DIAL FOR HELP
• Help Line connects callers with the area’s social service programs, including Meals on Wheels and food banks. Call 1-888-829-1341 or 2-1-1.
• Area Agency on Aging of Luzerne and Wyoming Counties supports senior citizens. Call 1-800-252-1512.
We don’t know Abram Belles’ whole story.
But we do know this about the 91-year-old Wilkes-Barre Township man who is on the verge of losing his home in a back-tax sale: He shouldn’t be subsisting on, as he describes it, cold cereal and a few homemade meals provided each week by a neighbor. That Belles, a former electrician, apparently does get by on so little, and that he and other people across Northeastern Pennsylvania seemingly aren’t being connected with the social services available to them, is a disgrace.
Belles’ predicament bothered many people who read about it.
In a news article Wednesday, Times Leader reporter Jennifer Learn-Andes outlined how the widower took out loans to pay prior taxes on his own home and a rental property in the township, ultimately causing him to fall even further behind financially. Belles owes about $8,000 in overdue property taxes. He is expected to apply to participate in Luzerne County’s hardship program for delinquent taxpayers.
Several readers questioned why Belles hadn’t yet sold his rental property to pay off debts and stash away cash. Others simply said they wanted to help Belles; one man intends to collect donations via a crowdfunding website. We hope a groundswell of support, fanned by our news coverage, soon puts Belles in a far better situation.
But what about the rest of our “neighbors,” those whom politely and sometimes disingenuously are referred to as having “fallen through the cracks?”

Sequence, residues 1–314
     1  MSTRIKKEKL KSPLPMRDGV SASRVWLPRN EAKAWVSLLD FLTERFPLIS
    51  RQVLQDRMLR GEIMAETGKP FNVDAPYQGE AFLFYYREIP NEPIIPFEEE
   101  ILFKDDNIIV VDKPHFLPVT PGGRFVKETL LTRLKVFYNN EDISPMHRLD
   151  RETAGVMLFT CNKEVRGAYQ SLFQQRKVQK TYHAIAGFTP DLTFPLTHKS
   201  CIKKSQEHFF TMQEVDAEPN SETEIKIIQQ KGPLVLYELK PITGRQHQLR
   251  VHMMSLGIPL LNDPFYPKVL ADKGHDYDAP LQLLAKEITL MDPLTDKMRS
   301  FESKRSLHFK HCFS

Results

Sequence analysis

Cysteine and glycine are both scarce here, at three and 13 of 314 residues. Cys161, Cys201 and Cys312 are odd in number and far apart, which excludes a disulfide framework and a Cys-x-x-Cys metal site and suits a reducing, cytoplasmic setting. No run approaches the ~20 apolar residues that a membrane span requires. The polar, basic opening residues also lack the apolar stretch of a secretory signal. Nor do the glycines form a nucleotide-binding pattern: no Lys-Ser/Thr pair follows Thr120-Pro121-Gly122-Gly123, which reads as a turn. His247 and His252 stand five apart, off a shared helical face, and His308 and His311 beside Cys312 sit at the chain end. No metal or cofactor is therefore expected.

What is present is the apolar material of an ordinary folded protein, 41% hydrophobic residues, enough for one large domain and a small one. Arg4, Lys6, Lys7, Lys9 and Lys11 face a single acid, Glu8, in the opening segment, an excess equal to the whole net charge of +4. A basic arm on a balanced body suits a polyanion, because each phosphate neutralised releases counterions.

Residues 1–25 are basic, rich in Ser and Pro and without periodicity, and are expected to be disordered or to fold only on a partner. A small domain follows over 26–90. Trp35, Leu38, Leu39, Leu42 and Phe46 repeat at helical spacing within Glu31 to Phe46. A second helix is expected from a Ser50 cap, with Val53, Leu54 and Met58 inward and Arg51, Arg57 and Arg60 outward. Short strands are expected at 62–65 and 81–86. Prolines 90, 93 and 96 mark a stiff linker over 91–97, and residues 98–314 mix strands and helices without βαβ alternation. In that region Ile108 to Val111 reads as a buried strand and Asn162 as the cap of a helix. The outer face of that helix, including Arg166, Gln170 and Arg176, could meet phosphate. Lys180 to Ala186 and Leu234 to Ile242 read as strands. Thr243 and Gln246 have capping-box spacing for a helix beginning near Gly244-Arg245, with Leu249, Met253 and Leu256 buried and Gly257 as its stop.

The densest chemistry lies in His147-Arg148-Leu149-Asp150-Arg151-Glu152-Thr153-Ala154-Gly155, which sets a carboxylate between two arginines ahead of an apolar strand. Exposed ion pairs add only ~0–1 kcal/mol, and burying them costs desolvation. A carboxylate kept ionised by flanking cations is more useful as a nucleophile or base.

From rural Fairmount Township to Wilkes-Barre’s most densely populated neighborhoods, certain individuals and families don’t get enough healthy foods in their daily diets. Some forgo necessary health care or dental care. Still others, including several who frequent Wilkes-Barre’s downtown, seemingly require mental health intervention, addiction treatment, a place to stay or perhaps some combination of those services.
Pride interferes; some adults stubbornly will choose self-deprivation rather than, for instance, a monthly trip to the local food bank.
As a community, however, we need to do a better job of identifying individuals in need of social services, convincing them to accept help during a rough patch and then linking them to the right agency or agencies. Too often, area residents who could assist – by making a phone call on behalf of a neighbor or relative, or by directing a stranger to a nearby homeless shelter – instead choose to overlook the obvious. Or they don’t know what to do.
In some instances, all it takes is a single phone call to Help Line – the region’s information and referral service – at 2-1-1.
Make the call. Today.